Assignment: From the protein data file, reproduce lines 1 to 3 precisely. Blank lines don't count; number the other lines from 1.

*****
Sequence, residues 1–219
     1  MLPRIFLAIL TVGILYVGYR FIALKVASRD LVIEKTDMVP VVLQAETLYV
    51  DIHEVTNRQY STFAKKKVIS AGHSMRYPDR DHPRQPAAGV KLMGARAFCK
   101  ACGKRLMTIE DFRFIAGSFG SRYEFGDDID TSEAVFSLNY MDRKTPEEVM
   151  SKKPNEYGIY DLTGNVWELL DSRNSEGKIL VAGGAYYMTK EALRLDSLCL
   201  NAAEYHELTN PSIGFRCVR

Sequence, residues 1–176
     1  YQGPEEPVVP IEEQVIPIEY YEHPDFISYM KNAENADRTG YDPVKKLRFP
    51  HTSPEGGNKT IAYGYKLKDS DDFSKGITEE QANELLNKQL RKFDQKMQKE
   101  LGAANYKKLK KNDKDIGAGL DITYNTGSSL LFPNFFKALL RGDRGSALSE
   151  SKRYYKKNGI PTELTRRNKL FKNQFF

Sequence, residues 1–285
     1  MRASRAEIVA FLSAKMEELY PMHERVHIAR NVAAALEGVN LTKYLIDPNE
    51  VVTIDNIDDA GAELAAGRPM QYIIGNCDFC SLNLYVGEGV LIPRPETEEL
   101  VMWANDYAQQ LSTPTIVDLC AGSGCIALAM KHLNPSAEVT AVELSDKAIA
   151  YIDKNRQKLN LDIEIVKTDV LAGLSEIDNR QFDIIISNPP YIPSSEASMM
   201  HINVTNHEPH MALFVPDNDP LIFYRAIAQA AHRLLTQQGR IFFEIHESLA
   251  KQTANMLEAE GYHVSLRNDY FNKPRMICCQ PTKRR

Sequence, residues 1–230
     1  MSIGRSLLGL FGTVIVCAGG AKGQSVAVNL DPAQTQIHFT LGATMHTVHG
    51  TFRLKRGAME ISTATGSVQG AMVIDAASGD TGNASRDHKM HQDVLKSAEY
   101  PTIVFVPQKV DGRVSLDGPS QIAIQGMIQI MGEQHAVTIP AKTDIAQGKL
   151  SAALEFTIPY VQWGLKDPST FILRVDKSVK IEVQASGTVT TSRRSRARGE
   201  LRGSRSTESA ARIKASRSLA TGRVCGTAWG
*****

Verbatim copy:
Sequence, residues 1–219
     1  MLPRIFLAIL TVGILYVGYR FIALKVASRD LVIEKTDMVP VVLQAETLYV
    51  DIHEVTNRQY STFAKKKVIS AGHSMRYPDR DHPRQPAAGV KLMGARAFCK